polylog - Institut für Philosophie

Forum for Intercultural Philosophy e.V.
Reconciliation and Justice / Versöhnung und Gerechtigkeit
5th Intercultural Interdisciplinary Colloquium
in cooperation with
Wiener Gesellschaft für interkulturelle Philosophie (WiGiP)
Institut für Philosophie, Universität Wien
Forum Scientiarum, Universität Tübingen
Institut für Wissenschaft und Kunst (IWK)
Vienna, 20–22 May 2015
Venue: Institut für Wissenschaft und Kunst, Berggasse 17, 1090 Wien
Since the 1990s, there has been a notable reception of the notion of reconciliation in political theory.
While before it was conceived primarily as a moral and eschatological dimension in religious contexts, as
well as it represents, on an individual level, a well-established concept in psychology, today the interest
focuses more on its political potency; not least because of the implementation of a whole series of truth
and reconciliation commissions, from Chile to South Africa, from Morocco to Sri Lanka and on to East
Timor. The experiences gained there did not only change political practice, but also stimulated
theoretical reflection. With this, the notion of reconciliation becomes situated in a new semantic
context: for example, it is understood, beyond the personal level, as a way of coping with the past or as a
method of conflict resolution with a national scope.
Crucial for this idea is the focus on the role of the concrete acting subjects, in their immediate concerns,
social entanglements and ethical responsibilities, as persons and also as groups. As a kind of social
cement for public welfare, person-oriented reconciliation is then undeniably superior to case-oriented
justice, which is concerned with balancing divergent interests. As for the Western context, there exist
few approaches to this notion of reconciliation in personal and communitarian orientation, particularly
in some formulations of Jewish political thought, for example with Hermann Cohen or Hannah Arendt.
Nevertheless, as of now reconciliation continues to be a less reflected upon concept. This is made
painfully and impressively manifest, for instance, by its absence in many philosophical dictionaries.
There are plenty of open questions which demand clarification with regard to the possible role of the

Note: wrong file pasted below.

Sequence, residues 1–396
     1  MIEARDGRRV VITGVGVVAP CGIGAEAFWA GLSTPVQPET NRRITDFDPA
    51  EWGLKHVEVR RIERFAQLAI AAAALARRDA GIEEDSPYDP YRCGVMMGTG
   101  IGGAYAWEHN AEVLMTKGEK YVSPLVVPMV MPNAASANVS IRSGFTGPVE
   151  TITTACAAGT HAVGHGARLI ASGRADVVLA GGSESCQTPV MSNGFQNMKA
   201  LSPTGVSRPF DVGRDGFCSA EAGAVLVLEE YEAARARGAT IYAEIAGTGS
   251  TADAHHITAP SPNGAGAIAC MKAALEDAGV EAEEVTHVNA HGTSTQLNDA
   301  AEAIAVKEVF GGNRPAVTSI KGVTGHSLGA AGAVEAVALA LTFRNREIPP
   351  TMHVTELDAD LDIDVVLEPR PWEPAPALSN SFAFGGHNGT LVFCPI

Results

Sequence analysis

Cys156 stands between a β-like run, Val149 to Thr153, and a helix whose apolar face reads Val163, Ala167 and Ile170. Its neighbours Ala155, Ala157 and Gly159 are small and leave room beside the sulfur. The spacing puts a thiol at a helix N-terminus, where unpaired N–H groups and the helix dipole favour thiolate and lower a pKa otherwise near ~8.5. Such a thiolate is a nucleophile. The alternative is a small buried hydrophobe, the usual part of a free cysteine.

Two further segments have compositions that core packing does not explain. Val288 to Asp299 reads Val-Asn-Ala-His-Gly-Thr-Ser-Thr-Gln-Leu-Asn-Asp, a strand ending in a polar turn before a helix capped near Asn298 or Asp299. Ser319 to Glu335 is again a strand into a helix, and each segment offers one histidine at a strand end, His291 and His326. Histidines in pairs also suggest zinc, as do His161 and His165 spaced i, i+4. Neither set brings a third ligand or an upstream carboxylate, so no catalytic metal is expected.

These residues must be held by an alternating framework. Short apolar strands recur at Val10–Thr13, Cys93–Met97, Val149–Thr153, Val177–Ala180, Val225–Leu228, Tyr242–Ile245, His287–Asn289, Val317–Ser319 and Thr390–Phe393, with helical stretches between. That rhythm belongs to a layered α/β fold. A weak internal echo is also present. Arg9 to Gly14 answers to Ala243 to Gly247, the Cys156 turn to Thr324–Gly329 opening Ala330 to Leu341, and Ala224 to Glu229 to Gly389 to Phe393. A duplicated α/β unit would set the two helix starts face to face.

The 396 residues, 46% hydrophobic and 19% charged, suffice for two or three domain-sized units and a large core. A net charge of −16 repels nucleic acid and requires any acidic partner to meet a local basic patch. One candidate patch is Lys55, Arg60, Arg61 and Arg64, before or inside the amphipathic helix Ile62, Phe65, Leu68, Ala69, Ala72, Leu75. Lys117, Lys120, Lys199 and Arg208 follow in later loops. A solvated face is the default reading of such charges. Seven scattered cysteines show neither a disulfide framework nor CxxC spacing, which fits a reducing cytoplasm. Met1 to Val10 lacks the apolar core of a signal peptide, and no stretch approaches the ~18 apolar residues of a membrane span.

notion of reconciliation in political theory, especially in its relation to diverse conceptions of justice. Is it
possible and does it make sense to expand local models of social community to society as a whole? How
can reconciliation succeed on a national level? In the end, is reconciliation actually the right way? When
might it possibly wrong to initiate an attempt at reconciliation? What preconditions allow reconciliation?
What factors make it impossible? To what extent does the process of reconciliation include matters of
justice? Do reconciliation and justice depend on each other, are they in contrast, or do they behave
independently? How do political practices of reconciliation and justice differ in an intercultural sense?
How relevant are the ideas of conscientisation, reparation and punishment to the processes of
reconciliation and justice? What is the purpose of reconciliation and justice under the force of power
Colloquium 2015
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The colloquium intends to create a space for the discussion of such issues with an intercultural
orientation and it seeks to explore further the dimensions of reconciliation from a philosophical
perspective, particularly as interconnected with the notion of justice:
– The question of justness of reconciliation: reconciliation versus justice?
– Objectives, conditions and procedures of collective and individual reconciliation
– Reconciliation, conscientisation, reparation and punishment
– Truth, responsibility and reconciliation
– Reconciliation, justice, political participation and democracy
– Mediation, manipulation, corruption and reconciliation